‘Developing Graduate Skills in HE Mathematics Programmes’ booklet released

If you follow me on Twitter, you may have noticed me saying I’ve been juggling a few things this week trying to get three big announcements out. Here’s the first.

We funded Jeff Waldock at Sheffield Hallam University to collect a series of case studies on ‘Developing Graduate Skills in HE Mathematics Programmes’. Well, the booklet of case studies is ready. The printer has it today and the PDF is online at the project website.

Developing Graduate Skills in HE Mathematics Programmes cover

Jeff and I are planning to tour a workshop offering the findings from this workshop and details of funding to support lecturers bringing the ideas from this into their own teaching. Details of this are below.

Developing Graduate Skills in HE Mathematics Programmes Workshop

There are significant barriers involved when seeking to modify Mathematics programmes to encourage the development of graduate skills. One barrier is the practical difficulty of finding space for graduate skill development in a crowded curriculum. This can be addressed, at least in part, through different approaches toward learning, teaching and assessment that allow skill development to take place alongside the development of the mathematical skills, and by encouraging students to take part in extra-curricular activities.

A series of short case studies have been collected, each focussed on specific graduate skills, providing examples of ways in which these have been successfully developed through curricular initiatives. There is a wide variety of work reported, both in terms of the skills developed as well as the type of courses and institutions involved. The hope and expectation is, therefore, that there will be something of interest and relevance to everyone who has a desire to make curricular changes aimed at improving the ‘graduate’ skill levels of their students.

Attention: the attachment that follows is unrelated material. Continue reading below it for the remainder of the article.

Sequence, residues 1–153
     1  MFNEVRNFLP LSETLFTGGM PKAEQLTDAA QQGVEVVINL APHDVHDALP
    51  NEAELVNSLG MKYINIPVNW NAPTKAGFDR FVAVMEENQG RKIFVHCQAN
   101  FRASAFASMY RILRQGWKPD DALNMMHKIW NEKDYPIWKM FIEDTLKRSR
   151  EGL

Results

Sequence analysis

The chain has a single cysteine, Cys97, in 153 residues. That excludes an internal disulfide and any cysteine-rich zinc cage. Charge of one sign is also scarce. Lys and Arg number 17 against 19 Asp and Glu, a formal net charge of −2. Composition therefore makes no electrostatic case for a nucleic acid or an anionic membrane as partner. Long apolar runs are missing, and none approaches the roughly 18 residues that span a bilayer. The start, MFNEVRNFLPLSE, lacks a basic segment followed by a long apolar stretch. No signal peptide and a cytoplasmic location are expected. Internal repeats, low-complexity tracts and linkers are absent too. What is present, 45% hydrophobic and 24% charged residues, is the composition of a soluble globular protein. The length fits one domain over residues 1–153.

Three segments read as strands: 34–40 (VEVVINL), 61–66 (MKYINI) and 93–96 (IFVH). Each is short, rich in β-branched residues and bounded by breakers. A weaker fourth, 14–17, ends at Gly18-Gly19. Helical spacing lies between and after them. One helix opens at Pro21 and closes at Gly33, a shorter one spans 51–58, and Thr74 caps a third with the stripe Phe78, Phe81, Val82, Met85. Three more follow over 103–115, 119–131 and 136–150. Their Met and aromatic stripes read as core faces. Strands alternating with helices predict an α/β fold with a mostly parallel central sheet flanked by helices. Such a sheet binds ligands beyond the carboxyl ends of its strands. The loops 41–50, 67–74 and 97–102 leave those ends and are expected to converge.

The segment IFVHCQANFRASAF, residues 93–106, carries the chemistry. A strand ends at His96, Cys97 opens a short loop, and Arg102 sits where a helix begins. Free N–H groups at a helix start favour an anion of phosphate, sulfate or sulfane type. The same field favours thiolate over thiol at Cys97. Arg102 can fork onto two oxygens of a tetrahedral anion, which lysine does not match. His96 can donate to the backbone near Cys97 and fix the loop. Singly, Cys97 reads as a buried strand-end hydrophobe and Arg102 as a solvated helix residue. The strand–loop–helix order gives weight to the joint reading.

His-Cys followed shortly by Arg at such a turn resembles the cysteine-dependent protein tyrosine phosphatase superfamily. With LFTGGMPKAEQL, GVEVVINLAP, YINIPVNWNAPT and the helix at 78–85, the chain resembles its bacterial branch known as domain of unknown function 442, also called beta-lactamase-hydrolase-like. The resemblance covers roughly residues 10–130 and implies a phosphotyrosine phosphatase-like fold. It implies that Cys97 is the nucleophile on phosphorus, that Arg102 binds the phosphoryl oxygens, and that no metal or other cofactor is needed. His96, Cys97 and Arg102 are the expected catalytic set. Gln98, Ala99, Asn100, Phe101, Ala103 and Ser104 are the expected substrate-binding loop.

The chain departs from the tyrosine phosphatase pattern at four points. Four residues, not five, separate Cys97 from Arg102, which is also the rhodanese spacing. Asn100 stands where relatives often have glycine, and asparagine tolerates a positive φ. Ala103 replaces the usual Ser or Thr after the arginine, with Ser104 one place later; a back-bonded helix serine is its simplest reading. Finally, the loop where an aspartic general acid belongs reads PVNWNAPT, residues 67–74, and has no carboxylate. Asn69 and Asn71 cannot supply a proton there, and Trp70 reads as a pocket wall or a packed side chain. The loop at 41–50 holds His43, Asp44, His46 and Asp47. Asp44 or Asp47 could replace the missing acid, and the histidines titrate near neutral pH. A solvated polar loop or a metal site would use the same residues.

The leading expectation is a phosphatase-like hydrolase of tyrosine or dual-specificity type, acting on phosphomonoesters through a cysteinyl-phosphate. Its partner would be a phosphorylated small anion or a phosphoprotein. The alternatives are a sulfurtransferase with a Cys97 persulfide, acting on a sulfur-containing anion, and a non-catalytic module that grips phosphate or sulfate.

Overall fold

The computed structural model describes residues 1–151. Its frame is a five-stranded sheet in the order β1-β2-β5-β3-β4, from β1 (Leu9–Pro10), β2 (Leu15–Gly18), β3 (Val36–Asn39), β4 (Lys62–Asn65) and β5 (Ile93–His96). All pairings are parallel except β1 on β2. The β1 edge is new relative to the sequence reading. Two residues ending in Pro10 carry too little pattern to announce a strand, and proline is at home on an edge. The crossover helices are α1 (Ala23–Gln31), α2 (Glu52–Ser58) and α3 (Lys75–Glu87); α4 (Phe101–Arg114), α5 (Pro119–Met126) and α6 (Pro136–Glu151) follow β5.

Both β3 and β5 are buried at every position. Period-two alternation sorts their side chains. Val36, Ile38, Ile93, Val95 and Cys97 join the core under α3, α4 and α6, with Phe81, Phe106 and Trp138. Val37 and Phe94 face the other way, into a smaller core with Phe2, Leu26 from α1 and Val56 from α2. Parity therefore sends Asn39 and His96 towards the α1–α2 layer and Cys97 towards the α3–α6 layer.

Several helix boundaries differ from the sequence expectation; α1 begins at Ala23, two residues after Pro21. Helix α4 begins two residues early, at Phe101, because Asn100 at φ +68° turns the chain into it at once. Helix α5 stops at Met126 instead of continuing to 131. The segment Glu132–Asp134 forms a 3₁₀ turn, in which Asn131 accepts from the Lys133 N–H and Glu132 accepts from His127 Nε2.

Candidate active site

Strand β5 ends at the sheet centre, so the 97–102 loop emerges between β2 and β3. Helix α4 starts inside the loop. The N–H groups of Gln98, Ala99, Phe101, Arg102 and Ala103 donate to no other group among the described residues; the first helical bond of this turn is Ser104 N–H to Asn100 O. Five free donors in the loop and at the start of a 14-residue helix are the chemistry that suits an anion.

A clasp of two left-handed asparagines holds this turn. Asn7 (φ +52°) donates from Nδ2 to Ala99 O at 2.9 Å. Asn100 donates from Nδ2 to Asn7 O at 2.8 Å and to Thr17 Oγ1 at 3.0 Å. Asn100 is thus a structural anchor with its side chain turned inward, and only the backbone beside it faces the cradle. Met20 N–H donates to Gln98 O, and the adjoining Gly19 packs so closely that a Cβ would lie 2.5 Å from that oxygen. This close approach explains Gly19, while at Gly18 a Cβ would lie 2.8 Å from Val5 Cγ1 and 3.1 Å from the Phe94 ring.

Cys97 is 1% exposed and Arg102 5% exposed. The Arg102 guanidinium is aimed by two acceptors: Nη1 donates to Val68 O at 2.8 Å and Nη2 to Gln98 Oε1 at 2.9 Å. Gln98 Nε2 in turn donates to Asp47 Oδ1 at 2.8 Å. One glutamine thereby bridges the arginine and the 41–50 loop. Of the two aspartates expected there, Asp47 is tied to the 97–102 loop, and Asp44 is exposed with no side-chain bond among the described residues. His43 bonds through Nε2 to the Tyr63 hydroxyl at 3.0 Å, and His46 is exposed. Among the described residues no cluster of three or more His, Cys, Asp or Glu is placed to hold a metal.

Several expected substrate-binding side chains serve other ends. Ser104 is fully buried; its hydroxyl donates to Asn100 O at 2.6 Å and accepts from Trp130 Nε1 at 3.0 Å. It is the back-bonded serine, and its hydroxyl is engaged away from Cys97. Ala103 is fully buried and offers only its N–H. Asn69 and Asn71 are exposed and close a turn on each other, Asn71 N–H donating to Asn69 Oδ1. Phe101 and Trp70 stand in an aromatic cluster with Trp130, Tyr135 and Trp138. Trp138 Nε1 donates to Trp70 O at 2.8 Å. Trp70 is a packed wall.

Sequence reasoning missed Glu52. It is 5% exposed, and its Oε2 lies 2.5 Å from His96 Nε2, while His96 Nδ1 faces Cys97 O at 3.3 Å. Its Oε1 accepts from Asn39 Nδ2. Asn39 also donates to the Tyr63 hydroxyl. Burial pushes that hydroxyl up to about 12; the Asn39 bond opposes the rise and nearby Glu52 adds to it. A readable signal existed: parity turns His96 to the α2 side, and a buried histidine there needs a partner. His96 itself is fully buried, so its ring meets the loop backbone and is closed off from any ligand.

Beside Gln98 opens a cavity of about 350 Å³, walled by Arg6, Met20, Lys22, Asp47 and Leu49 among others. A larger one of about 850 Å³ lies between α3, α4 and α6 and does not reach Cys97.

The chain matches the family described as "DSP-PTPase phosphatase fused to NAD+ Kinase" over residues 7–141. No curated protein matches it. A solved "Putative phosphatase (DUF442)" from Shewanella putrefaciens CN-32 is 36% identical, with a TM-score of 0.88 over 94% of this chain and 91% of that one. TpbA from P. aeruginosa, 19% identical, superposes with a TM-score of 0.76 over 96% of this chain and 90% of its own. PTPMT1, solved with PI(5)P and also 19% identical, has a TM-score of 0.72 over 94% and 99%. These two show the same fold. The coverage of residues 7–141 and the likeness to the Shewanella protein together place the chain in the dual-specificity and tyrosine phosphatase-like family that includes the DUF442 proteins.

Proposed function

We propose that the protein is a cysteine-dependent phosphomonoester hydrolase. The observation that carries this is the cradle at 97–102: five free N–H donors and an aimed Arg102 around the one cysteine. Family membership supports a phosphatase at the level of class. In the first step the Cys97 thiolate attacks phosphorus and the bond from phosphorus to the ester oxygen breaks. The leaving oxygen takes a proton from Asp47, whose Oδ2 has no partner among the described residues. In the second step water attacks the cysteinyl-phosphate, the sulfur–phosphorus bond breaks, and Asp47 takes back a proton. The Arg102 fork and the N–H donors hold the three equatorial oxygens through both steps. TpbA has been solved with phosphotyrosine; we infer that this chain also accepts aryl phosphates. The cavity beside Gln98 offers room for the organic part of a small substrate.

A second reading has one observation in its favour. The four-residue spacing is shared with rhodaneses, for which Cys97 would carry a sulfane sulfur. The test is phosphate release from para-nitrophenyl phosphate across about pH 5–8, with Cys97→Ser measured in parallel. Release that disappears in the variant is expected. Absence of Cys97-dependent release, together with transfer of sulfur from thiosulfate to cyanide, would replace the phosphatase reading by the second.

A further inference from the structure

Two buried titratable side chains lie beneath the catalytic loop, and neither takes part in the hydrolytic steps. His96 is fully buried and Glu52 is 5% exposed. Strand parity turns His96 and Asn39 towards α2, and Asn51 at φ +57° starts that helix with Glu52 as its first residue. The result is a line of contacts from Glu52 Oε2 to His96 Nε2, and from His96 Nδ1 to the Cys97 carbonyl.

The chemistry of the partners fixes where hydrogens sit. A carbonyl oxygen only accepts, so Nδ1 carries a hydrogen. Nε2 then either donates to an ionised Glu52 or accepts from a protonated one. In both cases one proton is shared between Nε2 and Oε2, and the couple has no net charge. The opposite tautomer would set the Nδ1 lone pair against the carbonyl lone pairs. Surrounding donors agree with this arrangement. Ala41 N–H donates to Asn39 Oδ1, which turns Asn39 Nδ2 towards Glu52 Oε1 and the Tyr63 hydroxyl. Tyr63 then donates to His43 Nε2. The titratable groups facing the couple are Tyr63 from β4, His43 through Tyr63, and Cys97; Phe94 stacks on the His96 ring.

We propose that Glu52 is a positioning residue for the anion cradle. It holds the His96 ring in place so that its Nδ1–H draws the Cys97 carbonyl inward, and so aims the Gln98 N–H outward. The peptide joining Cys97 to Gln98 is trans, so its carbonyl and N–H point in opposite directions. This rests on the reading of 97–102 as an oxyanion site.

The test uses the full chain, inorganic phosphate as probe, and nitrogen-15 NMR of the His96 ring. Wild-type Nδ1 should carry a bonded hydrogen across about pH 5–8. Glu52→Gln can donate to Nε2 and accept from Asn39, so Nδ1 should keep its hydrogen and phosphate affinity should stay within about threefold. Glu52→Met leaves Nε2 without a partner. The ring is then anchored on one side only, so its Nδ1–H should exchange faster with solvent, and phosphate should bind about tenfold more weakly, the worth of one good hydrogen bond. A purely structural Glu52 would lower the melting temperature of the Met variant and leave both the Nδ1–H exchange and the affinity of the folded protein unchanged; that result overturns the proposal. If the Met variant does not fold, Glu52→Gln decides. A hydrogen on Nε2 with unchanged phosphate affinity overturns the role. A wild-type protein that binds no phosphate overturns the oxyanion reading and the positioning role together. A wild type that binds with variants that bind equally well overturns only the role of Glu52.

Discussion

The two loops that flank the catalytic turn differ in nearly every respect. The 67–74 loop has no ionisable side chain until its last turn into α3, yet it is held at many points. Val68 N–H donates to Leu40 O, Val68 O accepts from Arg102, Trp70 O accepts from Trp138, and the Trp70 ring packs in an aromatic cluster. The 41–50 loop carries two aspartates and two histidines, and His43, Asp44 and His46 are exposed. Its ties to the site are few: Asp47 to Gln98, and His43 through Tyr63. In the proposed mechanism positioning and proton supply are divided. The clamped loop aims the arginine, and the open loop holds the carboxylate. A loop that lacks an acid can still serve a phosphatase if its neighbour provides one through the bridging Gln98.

Project leader Jeff Waldock and, where possible, case study authors will present the background to the project and describe the case studies. There will be discussion of barriers, drivers and enablers, and how these might affect practice, particularly in the light of the poor record many mathematics students have with regard to employability skills. Participants will be invited to discuss the issues raised by the case studies and make proposals for adapting their own teaching.

A call for funding will be available until 31 May 2011 for funding of £1,000 (may be paid to individuals rather than employers if appropriate) to take up ideas from the booklet. You should look to adapt one or more of the ideas from the booklet in a way that suits your circumstances. This may look to replicate one of the activities described, or it might draw on some elements of one or more of these. Trial your proposed activity and conduct an evaluation of it. Write a case study detailing what you did and giving the findings of the evaluation. (Please note: This funding is to support new development and is not to support the write up of activity which has already been completed.) Details of this funding call will be made available at the workshop or can be obtained by emailing Peter Rowlett.

This workshop will take place at:
University of York, 18th April (jointly with the National HE STEM Programme North East Spoke);
Manchester Metropolitan University, 5th May (jointly with the National HE STEM Programme North West Spoke);
University of Bath, 10th May (jointly with the National HE STEM Programme South West Spoke);
Cardiff University, 11th May (jointly with the National HE STEM Programme Wales Spoke);
University of Greenwich, 17th May;
University of Birmingham, 19th May (provisional) (jointly with the National HE STEM Programme Midlands and East Anglia Spoke).

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